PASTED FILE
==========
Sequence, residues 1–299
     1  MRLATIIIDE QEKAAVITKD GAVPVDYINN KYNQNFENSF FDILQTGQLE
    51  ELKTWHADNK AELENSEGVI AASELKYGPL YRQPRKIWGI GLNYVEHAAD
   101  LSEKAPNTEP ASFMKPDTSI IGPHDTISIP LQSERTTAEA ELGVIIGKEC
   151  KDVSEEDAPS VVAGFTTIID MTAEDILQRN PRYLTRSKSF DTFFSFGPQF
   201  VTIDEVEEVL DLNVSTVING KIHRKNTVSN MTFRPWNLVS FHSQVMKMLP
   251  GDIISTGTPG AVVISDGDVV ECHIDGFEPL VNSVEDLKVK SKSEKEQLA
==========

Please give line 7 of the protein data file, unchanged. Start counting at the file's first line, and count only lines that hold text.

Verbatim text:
   251  GDIISTGTPG AVVISDGDVV ECHIDGFEPL VNSVEDLKVK SKSEKEQLA